Say we have a disconnected manifold with components C1, C2, C3. (I know in the threat title I said just topological space, but I'm actually thinking of manifolds here, sorry! Not sure how to change the title) It makes intuitive sense that if we're looking at just one of the components, then the orientation has to be the same throughout the component. For example, if there is a closed curve in C1 that is not orientation preserving, then all of C1 is not orientable, which would mean that the entire topological space T is not orientable (by definition: my book says a manifold is non-orientable if there exists some closed curve in it which is not orientation preserving). But say we have a situation where C2 and C3 are orientable. You could cut out the C1 component from from T and now you are left with a space T with components C2 and C3 which are orientable so the entire space is orientable. So in this case we could "cut out" a piece of the manifold (the entire C1 component) and we changed the overall orientation of the space.(adsbygoogle = window.adsbygoogle || []).push({});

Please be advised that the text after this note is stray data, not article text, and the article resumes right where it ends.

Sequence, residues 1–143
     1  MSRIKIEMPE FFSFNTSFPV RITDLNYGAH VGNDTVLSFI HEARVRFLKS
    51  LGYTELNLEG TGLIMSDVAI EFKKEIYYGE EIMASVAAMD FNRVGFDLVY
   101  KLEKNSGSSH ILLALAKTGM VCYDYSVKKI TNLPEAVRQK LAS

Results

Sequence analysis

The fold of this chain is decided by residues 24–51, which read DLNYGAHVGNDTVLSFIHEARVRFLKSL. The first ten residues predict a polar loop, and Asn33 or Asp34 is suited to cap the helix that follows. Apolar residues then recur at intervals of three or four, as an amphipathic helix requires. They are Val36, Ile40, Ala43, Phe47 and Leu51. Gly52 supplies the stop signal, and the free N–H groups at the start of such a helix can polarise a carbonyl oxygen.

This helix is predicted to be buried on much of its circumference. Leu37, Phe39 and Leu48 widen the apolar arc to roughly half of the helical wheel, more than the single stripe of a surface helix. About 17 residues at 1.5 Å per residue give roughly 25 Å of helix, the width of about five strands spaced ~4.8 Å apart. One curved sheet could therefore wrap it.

But now, if we have a topological space that is just one component, (it is connected), and there is a closed curve in it that is not orientation preserving (so T is not orientable) it doesn't seem like there should be a way to "remove" a piece so that T is now orientable.

Am I off base in this assumption? I am having a hard time finding theorems that will help me prove or disprove this because most the theorems I have in my book have to do with compact spaces and I don't want this to depend on compactness.

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# Changing the orientation of a connected topological space

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